F – Favorite quote of the week/day

-I don’t have a favourite quote but I like what Tyrese said in one or more of his interviews (referenced above during his promotional stops for Black and Blue) about not giving up even at your lowest because you don’t know what life could be preparing you for…don’t give up. I need to hear that over and over and over again.

F – Five things you’re happy or grateful for this week.

-the new Musical Youth review I woke up to on booktube last Sunday – sharing again in case you missed it

– this plus the instagram posts referenced above
-that a friend and I did a night lime to check out the Independence visual arts exhibition (linked above in CREATIVE SPACE), also our ice-cream and beer run because it’s the little things (which brings me to)
-bobby from a corner shop (M and Ms has nothing on this sweet cheap chocolate ball that takes me back to a happy place from the best parts of my childhood nestled inside of me)
-conversations with my father – and that he is my rock and something both soft and solid I can lean in to when I waver
-I would like to say Regina King winning is always a win (she is so dope in Watchmen, the only show I watched this week) but Dolemite (with Eddie Murphy) drops this week and I am pre-emptively thankful for the laughter

Real Quick – Top Five (or Seven) Tuesday

Didn’t think I’d be participating in a meme so quickly after It’s Monday! What am I reading and Tell me Something Tuesday (I’ve got stuff to do!!!). But thanks to Rebecca at Bookishly Rebecca, here I am: Top 5 Tuesday (actually top 7 since I’ve ‘read’ exactly 7 audio books). Didn’t think I’d read 5 audio books much less 7 but here (in order from least to most favourite – though I enjoyed them all).

The Fire Next Time by James Baldwin (Baldwin has deeply revealing insights about race and Black masculinity in America in deeply evocative language; the only reason this is so far down the list is I’d rather read Baldwin than listen to his words in someone else’s voice – this is why Sonny’s Blues is also a DNF)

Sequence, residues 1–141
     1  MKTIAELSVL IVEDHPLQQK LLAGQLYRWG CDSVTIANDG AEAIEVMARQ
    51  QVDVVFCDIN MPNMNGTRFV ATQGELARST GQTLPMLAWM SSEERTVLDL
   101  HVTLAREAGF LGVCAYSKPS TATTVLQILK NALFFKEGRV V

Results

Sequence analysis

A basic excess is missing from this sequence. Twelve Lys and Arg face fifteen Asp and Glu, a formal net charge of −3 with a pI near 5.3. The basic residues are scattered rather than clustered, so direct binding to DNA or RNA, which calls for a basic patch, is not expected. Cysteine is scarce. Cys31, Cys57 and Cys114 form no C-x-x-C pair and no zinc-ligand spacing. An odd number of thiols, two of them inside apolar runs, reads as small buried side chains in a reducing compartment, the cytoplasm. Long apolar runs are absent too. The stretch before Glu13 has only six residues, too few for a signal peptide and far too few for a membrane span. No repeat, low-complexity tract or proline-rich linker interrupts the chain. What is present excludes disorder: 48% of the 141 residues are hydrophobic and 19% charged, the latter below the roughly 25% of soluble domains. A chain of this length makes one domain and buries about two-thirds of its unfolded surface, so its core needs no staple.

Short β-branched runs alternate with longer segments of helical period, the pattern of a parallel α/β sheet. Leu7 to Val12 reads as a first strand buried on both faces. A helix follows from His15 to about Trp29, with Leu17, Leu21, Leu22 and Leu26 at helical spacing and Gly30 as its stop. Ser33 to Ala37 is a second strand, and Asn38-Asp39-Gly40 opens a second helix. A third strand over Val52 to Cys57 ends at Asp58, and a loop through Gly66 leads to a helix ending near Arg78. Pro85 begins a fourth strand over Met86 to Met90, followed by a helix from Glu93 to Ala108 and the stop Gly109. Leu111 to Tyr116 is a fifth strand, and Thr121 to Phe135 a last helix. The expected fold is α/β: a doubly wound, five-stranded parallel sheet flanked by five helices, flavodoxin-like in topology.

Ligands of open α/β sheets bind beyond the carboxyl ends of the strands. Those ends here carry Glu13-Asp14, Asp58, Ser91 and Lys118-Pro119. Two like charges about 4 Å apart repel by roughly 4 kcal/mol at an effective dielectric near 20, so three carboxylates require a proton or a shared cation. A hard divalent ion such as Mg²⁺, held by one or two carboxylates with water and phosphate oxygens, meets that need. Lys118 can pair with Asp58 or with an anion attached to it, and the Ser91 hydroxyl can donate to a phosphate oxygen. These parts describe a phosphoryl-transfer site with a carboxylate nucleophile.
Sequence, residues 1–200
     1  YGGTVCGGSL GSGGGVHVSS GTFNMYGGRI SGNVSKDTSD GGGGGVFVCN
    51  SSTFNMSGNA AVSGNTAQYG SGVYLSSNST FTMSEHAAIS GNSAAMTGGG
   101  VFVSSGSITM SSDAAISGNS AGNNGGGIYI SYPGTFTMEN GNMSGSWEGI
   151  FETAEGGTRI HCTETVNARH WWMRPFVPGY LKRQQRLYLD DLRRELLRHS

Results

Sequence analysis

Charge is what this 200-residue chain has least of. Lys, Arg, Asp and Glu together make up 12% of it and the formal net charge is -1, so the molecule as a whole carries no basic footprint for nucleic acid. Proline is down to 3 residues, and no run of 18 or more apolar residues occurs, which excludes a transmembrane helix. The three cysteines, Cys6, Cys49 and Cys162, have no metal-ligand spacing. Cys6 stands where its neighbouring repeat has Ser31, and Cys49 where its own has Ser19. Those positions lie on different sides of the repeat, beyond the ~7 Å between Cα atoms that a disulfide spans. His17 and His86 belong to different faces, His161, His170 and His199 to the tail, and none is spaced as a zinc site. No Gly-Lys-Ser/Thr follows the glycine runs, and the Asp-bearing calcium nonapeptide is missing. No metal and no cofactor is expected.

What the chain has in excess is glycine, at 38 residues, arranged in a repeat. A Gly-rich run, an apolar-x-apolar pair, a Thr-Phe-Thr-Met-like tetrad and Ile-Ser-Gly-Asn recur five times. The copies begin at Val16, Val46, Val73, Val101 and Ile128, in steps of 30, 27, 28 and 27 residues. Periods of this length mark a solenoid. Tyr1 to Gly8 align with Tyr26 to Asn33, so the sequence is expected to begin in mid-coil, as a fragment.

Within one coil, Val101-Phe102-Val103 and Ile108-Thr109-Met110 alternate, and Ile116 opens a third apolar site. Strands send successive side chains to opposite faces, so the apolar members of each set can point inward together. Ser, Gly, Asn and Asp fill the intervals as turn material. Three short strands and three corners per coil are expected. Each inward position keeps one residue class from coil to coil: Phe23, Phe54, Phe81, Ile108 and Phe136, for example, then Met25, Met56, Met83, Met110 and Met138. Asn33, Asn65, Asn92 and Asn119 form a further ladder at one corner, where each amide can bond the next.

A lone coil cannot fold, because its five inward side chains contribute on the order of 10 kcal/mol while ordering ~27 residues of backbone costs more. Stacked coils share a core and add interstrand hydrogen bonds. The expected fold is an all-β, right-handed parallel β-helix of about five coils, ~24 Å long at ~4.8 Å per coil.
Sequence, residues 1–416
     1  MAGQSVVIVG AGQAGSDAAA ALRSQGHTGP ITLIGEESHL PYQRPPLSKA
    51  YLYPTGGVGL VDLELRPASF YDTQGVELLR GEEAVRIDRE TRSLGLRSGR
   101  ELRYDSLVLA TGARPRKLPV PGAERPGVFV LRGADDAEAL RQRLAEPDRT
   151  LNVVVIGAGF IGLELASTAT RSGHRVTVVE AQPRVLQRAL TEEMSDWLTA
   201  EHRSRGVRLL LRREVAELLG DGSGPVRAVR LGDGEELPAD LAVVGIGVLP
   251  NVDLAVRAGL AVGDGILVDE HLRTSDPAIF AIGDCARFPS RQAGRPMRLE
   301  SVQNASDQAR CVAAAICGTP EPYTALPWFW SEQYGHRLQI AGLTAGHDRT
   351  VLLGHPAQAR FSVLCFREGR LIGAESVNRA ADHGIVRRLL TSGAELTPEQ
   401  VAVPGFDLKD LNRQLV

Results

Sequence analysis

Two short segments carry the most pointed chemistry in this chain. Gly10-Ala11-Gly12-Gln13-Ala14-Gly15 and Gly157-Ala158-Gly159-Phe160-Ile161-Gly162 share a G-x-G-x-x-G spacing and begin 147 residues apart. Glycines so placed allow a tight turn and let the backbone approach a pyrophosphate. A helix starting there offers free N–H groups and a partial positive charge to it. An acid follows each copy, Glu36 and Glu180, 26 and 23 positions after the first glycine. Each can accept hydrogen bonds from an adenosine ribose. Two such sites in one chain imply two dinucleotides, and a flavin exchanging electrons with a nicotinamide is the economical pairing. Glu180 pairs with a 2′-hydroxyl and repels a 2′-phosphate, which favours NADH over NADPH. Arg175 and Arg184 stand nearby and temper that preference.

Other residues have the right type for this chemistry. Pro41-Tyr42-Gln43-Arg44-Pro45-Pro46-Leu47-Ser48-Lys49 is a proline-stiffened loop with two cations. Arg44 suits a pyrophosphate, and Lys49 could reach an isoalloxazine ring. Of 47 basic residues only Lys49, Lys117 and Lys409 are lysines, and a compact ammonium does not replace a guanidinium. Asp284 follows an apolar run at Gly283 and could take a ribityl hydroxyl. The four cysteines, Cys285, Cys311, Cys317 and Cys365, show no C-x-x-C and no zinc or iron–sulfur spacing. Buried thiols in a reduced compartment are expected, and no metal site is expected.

The Haunting of Hill House by Shirley Jackson (glad I finally ‘read’ this – she is a classic horror writer, she built the house a lot of horror writers now live in – it might be slow for modern readers and more subtle than the modern appetite might like but for me, as delivered, it was appropriately spooky – the narrator is male and males doing their version of the female voice is always…entertaining)

The Hate U Give by Angie Thomas (not sure who the narrator is but I found the story compelling and was only now and again distracted by the delivery – it did underscore for me one reason I prefer reading and hearing the story in my own voice – if it makes a difference, I liked the audio book better than the movie)

Animal Farm by George Orwell (I’m not sure if it’s the writing or reading but this was extremely vivid and disturbing – the fact that I can’t get it out of my head might have a bit to do with the politics of our times though)

Born a Crime: Stories of My South African Childhood by Trevor Noah (narrated by the author – felt just like him telling us stories of his childhood; very engaging)

The Outsiders by S. E. Hinton (this was just full on nostalgia for me as I am of the Brat Pack era and was in love with this movie as a kid)

World War Z: an Oral History of the Zombie War by Max Brooks (this was soooo good! With multiple actors, I imagine it plays like one of those pre-TV radio plays must-ve and I can see why they were so gripping that when War of the Worlds ran on CBS radio in 1938 people really thought they were in the midst of an alien invasion)

Monday and Tuesday Book Blog Memes (October 21st 2019)

I think I’ve still got time to get in on Book Date’s It’s Monday! What are you Reading? literary lime; so here goes.

What have I been reading?

So far for October, I finished Dreamland Barbuda, a book about the communal land rights issue in Barbuda –sister island to my home country Antigua. It’s been a contentious issue going back more than a century but got even more contentious in the wake of hurricane Irma in 2017 when the island was completely evacuated after being decimated by the storm. In this book, a Barbudan makes her case for the traditional communal land rights over the free hold land ownership preferred by the central government. This book review is written up in my Blogger on Books series and is also the first installment in my #bookchat #unscripted booktube series.